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Stocks rally on Europe hope, Dow nears 13,000 mark

Brendan Mcdermid / Reuters

Traders work on the floor of the New York Stock Exchange. Stocks rallied Thursday, with the Dow nearing the 13,000 mark.

By msnbc.com news services

Stocks rallied Thursday, with the Dow Jones industrial average nearing the 13,000 mark, on strong U.S. economic data and indications that euro-zone leaders were on track to approve a crucial bailout for Greece.

The European common currency erased its losses against the dollar after a euro-zone official said leaders were finishing the details of a second bailout for Greece worth at least 130 billion euros.

The development eased fears of a chaotic Greek default, driving prices of safe-haven 30-year U.S. Treasuries bonds down more than 1 point.

U.S. stocks traded higher on data showing U.S. jobless benefits claims unexpectedly fell to a near four-year low last week and U.S. housing starts for January rose more than expected.

The Dow closed up 123 points, now under 100 points away from the 13,000 mark. The S&P 500 index rose to its highest level since May 2011.

"We're getting this incredible flow of good data. It's hard not to want to step into the market," said Jim Paulsen, chief investment officer at Wells Capital Management in Minneapolis.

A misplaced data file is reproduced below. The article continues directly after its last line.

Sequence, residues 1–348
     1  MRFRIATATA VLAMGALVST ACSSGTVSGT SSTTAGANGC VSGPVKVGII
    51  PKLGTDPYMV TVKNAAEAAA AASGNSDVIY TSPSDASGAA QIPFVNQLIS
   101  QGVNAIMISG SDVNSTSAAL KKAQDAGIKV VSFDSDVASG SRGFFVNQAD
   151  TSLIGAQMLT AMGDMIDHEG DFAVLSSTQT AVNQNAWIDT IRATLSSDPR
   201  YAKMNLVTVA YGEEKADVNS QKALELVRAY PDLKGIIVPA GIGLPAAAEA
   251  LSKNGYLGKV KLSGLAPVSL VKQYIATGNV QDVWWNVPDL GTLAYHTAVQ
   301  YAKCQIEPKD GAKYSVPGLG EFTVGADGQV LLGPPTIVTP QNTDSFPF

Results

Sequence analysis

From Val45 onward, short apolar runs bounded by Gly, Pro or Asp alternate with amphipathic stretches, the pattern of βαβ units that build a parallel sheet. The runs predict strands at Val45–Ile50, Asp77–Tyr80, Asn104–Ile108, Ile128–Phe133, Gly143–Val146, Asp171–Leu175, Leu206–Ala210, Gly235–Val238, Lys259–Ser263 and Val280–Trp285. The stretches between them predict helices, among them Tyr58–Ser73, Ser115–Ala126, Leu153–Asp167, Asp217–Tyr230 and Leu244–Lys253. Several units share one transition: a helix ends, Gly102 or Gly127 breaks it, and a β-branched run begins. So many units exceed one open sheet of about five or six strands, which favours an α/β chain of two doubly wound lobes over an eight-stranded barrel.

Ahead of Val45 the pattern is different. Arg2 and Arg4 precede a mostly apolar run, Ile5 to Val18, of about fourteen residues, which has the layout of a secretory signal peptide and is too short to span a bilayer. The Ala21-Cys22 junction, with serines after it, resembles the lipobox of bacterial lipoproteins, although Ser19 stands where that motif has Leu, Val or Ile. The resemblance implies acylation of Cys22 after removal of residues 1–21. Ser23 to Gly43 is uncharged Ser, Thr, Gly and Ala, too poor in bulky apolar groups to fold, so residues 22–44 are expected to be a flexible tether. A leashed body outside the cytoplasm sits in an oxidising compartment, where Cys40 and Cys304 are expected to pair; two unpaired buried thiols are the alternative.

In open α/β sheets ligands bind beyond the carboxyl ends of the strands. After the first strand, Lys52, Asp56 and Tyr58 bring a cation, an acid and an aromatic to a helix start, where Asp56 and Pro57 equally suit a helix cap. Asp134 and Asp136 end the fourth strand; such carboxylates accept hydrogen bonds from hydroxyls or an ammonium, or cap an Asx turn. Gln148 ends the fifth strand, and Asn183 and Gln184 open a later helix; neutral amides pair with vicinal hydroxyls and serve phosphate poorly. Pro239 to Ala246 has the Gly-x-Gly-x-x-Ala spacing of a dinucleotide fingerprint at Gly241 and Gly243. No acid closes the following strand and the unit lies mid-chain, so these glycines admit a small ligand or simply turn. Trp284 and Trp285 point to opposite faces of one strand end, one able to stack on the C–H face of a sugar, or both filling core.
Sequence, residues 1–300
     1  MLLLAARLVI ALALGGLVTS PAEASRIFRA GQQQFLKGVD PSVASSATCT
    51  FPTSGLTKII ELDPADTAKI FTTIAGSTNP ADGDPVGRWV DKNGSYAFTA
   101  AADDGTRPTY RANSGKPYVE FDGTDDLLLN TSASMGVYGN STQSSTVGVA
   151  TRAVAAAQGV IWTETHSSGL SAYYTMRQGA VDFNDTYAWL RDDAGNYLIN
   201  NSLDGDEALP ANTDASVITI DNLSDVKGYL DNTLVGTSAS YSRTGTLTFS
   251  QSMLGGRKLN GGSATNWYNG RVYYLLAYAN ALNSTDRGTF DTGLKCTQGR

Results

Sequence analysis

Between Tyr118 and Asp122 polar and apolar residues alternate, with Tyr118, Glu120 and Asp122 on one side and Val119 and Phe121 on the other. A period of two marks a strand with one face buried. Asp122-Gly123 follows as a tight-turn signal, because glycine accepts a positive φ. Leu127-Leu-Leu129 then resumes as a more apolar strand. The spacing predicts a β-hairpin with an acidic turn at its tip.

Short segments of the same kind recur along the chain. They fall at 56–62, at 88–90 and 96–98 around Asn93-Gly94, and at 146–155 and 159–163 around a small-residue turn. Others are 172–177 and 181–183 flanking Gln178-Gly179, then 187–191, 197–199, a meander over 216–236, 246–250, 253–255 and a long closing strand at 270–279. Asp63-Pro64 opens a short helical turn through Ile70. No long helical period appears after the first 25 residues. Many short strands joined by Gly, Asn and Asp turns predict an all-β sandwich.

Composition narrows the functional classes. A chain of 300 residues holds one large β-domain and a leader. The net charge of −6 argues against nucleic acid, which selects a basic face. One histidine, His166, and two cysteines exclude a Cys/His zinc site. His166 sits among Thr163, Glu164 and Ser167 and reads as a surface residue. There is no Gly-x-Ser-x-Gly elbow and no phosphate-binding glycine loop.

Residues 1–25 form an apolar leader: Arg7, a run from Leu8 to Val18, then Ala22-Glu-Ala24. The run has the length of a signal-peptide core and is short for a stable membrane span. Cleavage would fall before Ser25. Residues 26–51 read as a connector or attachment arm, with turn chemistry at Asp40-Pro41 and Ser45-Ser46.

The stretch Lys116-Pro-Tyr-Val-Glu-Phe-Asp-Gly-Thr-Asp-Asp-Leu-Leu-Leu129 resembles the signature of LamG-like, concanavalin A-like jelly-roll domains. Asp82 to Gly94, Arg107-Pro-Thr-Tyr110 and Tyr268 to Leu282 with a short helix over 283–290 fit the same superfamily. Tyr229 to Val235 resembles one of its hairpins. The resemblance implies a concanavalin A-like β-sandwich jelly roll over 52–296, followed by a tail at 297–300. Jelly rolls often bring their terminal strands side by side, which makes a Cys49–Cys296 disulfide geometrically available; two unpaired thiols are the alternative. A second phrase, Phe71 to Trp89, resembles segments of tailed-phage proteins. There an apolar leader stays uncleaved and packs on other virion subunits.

"People are increasingly of the opinion that although Europe will continue to have flare-ups, it's not likely to become a calamity for the world economy," he said.

In Europe, the FTSEurofirst 300 erased losses to edge up 0.1 percent. World stocks as measured by the benchmark MSCI All-Country World Index were 0.46 percent higher.

"The possibility of some concrete progress (in Greece's bailout deal) is reinvigorating risk appetite and pushing up the euro," said Kathy Lien, director of research at GFT Forex in Jersey City. "We're finally walking in the right direction."

As investors moved into stocks, prices of benchmark 10-year U.S. Treasury notes fell.

U.S. crude oil futures rose 0.5 percent to settle at $102.31 a barrel, driven up by concerns about disruption in supplies from Iran and the North Sea.

Reuters contributed to this report.

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